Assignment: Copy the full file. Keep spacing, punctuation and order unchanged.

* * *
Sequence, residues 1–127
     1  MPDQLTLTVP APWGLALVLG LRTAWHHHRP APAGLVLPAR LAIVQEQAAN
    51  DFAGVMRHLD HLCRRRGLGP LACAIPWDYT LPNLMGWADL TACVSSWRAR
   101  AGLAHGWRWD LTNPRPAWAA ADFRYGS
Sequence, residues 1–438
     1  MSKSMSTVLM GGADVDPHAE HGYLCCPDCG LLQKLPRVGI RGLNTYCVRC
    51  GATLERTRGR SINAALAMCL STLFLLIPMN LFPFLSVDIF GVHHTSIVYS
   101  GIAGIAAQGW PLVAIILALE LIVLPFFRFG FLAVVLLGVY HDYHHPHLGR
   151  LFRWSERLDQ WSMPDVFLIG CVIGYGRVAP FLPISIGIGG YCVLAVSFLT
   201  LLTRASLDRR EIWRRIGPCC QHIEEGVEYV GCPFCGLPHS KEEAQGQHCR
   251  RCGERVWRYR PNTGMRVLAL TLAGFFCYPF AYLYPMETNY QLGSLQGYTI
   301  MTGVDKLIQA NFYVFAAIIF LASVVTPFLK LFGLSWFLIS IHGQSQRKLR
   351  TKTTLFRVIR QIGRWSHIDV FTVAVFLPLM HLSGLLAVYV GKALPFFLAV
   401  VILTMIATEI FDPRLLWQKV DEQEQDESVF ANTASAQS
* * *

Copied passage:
Sequence, residues 1–127
     1  MPDQLTLTVP APWGLALVLG LRTAWHHHRP APAGLVLPAR LAIVQEQAAN
    51  DFAGVMRHLD HLCRRRGLGP LACAIPWDYT LPNLMGWADL TACVSSWRAR
   101  AGLAHGWRWD LTNPRPAWAA ADFRYGS
Sequence, residues 1–438
     1  MSKSMSTVLM GGADVDPHAE HGYLCCPDCG LLQKLPRVGI RGLNTYCVRC
    51  GATLERTRGR SINAALAMCL STLFLLIPMN LFPFLSVDIF GVHHTSIVYS
   101  GIAGIAAQGW PLVAIILALE LIVLPFFRFG FLAVVLLGVY HDYHHPHLGR
   151  LFRWSERLDQ WSMPDVFLIG CVIGYGRVAP FLPISIGIGG YCVLAVSFLT
   201  LLTRASLDRR EIWRRIGPCC QHIEEGVEYV GCPFCGLPHS KEEAQGQHCR
   251  RCGERVWRYR PNTGMRVLAL TLAGFFCYPF AYLYPMETNY QLGSLQGYTI
   301  MTGVDKLIQA NFYVFAAIIF LASVVTPFLK LFGLSWFLIS IHGQSQRKLR
   351  TKTTLFRVIR QIGRWSHIDV FTVAVFLPLM HLSGLLAVYV GKALPFFLAV
   401  VILTMIATEI FDPRLLWQKV DEQEQDESVF ANTASAQS